“We hope that Congress will prevent a costly shutdown,” Kirby told a press conference on Sept. 24. “The administration’s efforts remain focused on preventing a shutdown and a catastrophic default. In the meantime, OMB is preparing for any contingency, as is consistent with long-standing practice across multiple administrations.”
The White House confirmed that the Office of Management and Budget (OMB) has begun issuing notices to various federal agencies about the possibility of a shutdown. House Speaker Nancy Pelosi (D-Calif.) said on Sept. 26 that she doesn’t believe there will be a shutdown.
“Nobody wants to see a shutdown,” Kirby said. “And we obviously will take seriously, as we always do, and as I think you’ve seen through previous shutdowns, should there be one, that we have to continue to defend the nation, and we have to make sure that the capabilities, the resources, the people are in place to continue to look after our national security interests.”
The OMB stated that agency officials expect Congress to pass a continuing resolution to keep the government funded until December.
“Consistent with longstanding practice across multiple administrations, OMB is preparing for any contingency, and determinations about specific programs are being actively reviewed by agencies,” Abdullah Hasan, an OMB spokesman, said in a statement last week. “More importantly, there is enough time for Congress to prevent a lapse in appropriations, and we are confident they will do so.”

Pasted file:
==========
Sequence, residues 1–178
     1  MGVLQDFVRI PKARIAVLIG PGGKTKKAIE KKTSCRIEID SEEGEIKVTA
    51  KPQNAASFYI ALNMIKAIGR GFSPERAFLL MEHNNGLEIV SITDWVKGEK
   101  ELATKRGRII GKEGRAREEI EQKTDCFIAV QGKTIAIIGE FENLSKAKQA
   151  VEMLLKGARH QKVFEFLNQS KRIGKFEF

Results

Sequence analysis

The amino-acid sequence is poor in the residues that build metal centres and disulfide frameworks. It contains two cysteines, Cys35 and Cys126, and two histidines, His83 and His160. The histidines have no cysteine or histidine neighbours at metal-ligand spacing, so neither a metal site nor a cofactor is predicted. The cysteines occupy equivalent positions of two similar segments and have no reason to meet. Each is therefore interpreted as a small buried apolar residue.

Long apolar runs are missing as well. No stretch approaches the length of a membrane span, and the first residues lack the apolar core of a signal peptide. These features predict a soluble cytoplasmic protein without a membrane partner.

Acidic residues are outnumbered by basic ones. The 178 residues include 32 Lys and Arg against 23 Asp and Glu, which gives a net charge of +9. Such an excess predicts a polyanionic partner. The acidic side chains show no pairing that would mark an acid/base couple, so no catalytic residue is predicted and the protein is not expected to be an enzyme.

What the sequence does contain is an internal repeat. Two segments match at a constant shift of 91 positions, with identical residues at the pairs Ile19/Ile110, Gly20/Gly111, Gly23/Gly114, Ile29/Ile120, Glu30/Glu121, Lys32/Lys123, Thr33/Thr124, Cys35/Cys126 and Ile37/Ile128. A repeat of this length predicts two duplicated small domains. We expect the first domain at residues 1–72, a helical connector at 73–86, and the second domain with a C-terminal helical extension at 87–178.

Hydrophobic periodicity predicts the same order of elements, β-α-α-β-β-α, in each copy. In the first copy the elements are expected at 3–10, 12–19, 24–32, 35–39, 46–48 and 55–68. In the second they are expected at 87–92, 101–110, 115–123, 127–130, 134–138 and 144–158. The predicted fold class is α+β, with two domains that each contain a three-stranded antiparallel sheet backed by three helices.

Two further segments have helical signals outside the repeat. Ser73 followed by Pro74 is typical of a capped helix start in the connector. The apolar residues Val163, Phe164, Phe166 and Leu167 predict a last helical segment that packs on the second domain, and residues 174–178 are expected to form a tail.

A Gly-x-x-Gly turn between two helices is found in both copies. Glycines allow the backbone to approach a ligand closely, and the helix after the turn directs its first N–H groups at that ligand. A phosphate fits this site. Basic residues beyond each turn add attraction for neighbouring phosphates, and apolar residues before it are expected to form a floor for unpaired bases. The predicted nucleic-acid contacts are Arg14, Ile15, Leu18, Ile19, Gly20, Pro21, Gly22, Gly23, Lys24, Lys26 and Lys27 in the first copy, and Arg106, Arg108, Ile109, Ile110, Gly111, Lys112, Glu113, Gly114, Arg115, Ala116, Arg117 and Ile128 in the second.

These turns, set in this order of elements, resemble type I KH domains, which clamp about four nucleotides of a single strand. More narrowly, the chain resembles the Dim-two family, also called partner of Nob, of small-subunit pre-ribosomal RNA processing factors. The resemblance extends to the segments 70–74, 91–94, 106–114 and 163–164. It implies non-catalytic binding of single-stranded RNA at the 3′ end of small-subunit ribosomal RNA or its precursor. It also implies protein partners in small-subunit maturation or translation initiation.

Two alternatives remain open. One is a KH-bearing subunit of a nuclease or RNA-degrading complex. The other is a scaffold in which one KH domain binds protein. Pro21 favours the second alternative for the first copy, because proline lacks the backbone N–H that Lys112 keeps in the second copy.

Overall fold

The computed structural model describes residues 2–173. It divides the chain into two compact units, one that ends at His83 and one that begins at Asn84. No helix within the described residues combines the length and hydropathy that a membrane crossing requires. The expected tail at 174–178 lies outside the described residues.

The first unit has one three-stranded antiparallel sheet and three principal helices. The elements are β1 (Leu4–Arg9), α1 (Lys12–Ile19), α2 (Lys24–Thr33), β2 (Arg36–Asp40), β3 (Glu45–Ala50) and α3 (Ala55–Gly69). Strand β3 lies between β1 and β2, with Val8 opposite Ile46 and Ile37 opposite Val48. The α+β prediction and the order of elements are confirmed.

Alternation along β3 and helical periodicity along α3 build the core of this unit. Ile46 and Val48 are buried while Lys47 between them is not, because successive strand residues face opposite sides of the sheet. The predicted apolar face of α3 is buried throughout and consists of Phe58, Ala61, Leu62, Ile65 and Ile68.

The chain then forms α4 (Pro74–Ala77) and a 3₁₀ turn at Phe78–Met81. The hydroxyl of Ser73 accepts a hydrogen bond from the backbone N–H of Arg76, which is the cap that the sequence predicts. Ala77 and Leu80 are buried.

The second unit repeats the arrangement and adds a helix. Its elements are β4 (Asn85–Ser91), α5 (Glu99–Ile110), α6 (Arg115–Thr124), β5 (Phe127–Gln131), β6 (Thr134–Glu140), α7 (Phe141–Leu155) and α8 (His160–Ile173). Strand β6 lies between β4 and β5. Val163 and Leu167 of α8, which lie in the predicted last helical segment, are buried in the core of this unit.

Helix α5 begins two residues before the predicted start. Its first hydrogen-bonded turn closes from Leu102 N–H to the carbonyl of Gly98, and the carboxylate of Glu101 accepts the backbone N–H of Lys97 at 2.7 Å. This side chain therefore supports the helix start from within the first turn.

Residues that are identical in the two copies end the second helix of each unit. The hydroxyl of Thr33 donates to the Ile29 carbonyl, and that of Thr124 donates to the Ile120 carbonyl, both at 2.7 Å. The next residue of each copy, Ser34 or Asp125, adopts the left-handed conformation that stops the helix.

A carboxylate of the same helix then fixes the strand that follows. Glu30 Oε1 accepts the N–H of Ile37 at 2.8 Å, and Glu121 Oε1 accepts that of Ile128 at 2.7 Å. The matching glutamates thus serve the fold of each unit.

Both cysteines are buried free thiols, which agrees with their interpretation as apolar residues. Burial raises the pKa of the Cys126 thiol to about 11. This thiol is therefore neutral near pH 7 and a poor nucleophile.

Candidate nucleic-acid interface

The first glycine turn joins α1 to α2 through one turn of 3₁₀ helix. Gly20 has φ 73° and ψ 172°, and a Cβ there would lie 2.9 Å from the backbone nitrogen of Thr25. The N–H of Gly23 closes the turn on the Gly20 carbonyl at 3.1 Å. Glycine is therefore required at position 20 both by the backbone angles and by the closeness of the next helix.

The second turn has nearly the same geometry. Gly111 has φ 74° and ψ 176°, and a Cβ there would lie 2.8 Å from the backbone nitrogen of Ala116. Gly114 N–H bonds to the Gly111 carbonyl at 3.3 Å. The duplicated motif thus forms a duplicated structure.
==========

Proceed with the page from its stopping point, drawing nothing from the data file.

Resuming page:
Government shutdowns take place when Congress fails to pass legislation to finance the government, but they rarely last longer than a month. The previous government shutdown between 2018 and 2019 lasted for 35 days, and before that, in 2013, a government shutdown lasted for 16 days.
More critical is the looming debt crisis, according to Treasury Secretary Janet Yellen and other Biden administration officials. Yellen has warned Congress that the United States could default in mid-October if Congress doesn’t pass a bill to either raise or suspend the debt limit.
Both chambers of Congress approved a measure suspending the debt limit in July 2019, but Congress didn’t renew the legislation in 2021.
“The U.S. has never defaulted. Not once,” Yellen wrote in a recent Wall Street Journal opinion article, as some analysts have warned that the United States could enter recession territory if the country defaults. “Doing so would likely precipitate a historic financial crisis that would compound the damage of the continuing public health emergency.”